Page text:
Skip to comments.A More Civilizing Education
Posted on 04/06/2014 2:31:31 PM PDT by Kaslin
Hey, Horace, looks like you might have been wrong. Dead wrong.
That is, making good, respectful citizens isnt best left to government schools.
Way back before the Civil War, Horace Mann promoted the common school not merely to increase literacy and certainly not to prepare a majority of students for college. The movement that gave birth to the modern public school system in America was designed to inculcate good citizenship. The idea? Put all kids through a shared experience.
The idea was to promote American ideas of democracy and republicanism into the minds of children who, Mann feared, were too readily sucked into anti-American notions.
He most feared immigrants, especially Catholics. He sought to regiment children from all walks of life via truancy laws and taxpayer support of schools.
And he wanted to get a crack at indoctrinating generation after generation.
Americans sported a quite high literacy rate before Manns reforms, and, today, not all that impressive a rate after more than a century of public education. But who really cares about that? Socialization is what counts. (OK, that was later. John Dewey and his crowd, I believe. But its not that dissimilar a notion, really.)
A few years ago, Manns notion was re-iterated by a college professor in an essay called The Perils of Homeschooling. Public schooling, he wrote,
is one of the few remaining social institutions or civic intermediaries in which people from all walks of life have a common interest and in which children might come to learn such common values as decency, civility, and respect.
OK. Take a deep breath. Are we really supposed to believe that public schools instill decency, civility, and respect?
In Does Homeschooling or Private Schooling Promote Political Intolerance? Evidence from a Christian University, Journal of School Choice: International Research and Reform, 8(1), Albert Cheng went considerably further. He studied college kids at a place that would give a liberal-progressive apoplexy: a Christian college. He set as his research focus students tolerance and concern for the rights of minorities (conceived in various ways, contexts). And he asked the students questions. (This is how most studies are done, by the way. Both psychology and sociology tend to be heavily weighted with studies of college students. Why? Theyre the nearest at hand to researchers. Whats interesting here is the look at college students at an institution that some folks might fear contains more bigotry than on secular school campuses.)
So, what did he conclude? That private schooling does not decrease social tolerance, and those [college students] with more exposure to homeschooling relative to public schooling tend to be more politically tolerant.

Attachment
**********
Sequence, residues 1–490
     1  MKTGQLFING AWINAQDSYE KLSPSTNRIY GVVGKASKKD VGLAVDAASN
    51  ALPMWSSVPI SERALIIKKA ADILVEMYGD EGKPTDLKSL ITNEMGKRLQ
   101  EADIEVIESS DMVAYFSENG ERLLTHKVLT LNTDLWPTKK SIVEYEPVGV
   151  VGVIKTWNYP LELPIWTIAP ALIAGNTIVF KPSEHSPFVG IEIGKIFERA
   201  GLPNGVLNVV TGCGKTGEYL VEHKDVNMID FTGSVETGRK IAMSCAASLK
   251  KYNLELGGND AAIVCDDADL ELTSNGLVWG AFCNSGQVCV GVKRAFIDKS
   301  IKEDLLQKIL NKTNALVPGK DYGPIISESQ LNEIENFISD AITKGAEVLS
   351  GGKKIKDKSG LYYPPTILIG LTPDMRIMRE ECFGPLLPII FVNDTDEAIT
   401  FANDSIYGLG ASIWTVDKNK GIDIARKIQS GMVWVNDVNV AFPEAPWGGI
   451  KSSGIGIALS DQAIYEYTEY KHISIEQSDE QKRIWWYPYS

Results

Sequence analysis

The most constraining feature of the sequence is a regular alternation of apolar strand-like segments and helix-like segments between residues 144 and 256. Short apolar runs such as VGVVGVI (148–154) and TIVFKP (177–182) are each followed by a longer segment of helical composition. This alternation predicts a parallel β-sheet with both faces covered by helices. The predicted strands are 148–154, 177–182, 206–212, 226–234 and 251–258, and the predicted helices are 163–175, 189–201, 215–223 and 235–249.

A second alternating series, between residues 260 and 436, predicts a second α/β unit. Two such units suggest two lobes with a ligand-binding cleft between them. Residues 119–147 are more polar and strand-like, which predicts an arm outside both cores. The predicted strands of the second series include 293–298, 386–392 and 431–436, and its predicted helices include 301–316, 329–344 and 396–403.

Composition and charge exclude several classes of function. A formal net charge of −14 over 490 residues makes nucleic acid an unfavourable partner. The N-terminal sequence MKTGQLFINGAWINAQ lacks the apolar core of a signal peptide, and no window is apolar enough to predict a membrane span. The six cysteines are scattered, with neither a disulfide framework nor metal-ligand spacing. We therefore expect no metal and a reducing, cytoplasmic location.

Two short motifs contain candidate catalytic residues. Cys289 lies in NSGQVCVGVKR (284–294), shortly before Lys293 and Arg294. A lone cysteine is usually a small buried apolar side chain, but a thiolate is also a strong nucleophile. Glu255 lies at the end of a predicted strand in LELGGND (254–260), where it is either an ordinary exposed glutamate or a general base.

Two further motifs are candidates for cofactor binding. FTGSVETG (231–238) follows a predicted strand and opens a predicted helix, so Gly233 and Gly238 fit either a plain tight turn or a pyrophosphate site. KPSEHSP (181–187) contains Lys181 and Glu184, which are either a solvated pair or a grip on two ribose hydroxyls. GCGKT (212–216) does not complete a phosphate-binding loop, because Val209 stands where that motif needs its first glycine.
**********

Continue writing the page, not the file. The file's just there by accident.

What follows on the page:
Why might this be the case? Cheng himself offered two possible reasons greater self-actualization in homeschooling, and religious instruction but I can think of a few more.
For one, public schools bring together many, many kids. Hordes of kids. These students are not spending the bulk of their explicit social time interacting with adults. Instead, they interact with each other. In the halls. In the cafeteria. On the buses. After school. Put into large groups often mobs, too large to responsibly handle they form sub-groups, cliques. Some are excluded, even bullied. Others succumb to the other elements of tribalism. The regimented experience with adults serves to create a convenient enemy. No wonder, then, that this shared experience too often results in conformity to groupthink. And less tolerance. Especially for the outsiders.
Meanwhile, homeschoolers are doing something different than the crowd. And they are interacting with small groups, one on one, adults as well as children of other ages. Such inter-personal and small-group interaction is ideally suited to the growth of responsibility. No wonder, then, that homeschoolers appear more willing to accept others doing their own thing, even if not the norm.
And tolerance of others including the different along with respect for those others rights, is the hallmark of freedom.
So, hooray for homeschooling! The cradle of liberty.
I don’t like common core. I think there were some good minds behind it, but like anything else it gets co-opted by others.
I don’t think the theory behind it was to wipe out individuality, but it’s designed that way now.
IQ’s run from 95 to a high 160. But I think the returns diminish rapidly, starting at about 125 with about 95% of the benefit received by 160.
Should a 160 IQ kid be taught common core with 95 IQ kids?
The society at government schools is like the society in prisons. Compulsory attendance and a lack of choice leads to a dog-eat-dog situation.
I knew this.....